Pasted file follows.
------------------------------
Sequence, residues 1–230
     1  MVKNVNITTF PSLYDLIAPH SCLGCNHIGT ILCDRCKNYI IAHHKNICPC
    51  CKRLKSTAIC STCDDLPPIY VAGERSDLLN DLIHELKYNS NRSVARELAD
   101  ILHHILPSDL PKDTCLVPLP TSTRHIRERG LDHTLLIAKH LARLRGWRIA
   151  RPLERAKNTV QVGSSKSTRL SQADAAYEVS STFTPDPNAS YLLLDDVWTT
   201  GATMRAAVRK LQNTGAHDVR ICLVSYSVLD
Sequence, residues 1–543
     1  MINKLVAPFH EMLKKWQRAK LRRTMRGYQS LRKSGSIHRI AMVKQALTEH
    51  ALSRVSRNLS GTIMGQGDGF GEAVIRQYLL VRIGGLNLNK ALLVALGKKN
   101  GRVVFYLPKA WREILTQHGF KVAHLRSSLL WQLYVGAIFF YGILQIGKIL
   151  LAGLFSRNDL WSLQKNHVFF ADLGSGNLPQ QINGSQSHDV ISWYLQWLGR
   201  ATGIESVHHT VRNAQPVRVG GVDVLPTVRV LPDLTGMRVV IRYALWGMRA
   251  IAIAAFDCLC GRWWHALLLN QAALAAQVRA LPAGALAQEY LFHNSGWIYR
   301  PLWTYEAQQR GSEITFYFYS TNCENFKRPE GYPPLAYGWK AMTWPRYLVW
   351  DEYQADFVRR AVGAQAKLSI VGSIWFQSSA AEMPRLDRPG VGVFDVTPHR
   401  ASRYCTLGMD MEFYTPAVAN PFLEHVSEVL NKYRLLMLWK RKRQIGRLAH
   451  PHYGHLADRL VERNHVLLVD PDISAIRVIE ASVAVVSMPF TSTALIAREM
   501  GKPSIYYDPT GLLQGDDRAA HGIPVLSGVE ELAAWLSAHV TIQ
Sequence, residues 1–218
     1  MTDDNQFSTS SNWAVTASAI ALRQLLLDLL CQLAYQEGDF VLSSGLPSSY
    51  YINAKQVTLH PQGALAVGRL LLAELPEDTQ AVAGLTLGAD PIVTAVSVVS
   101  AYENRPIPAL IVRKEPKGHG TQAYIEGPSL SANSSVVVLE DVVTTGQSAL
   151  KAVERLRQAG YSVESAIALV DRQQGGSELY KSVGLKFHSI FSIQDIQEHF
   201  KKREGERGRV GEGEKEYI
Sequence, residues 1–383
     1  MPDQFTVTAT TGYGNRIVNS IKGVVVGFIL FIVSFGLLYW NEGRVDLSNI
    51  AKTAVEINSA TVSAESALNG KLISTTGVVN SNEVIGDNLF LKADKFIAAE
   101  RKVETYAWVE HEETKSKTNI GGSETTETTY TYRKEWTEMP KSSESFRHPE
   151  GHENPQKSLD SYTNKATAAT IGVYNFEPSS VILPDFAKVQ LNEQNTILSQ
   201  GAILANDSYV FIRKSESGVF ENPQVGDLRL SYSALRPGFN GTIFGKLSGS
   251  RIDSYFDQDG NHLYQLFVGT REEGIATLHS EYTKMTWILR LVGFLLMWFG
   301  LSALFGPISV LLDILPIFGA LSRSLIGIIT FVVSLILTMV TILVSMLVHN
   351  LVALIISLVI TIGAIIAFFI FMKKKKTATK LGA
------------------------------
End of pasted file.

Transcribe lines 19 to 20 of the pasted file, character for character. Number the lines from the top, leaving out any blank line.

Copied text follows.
Sequence, residues 1–218
     1  MTDDNQFSTS SNWAVTASAI ALRQLLLDLL CQLAYQEGDF VLSSGLPSSY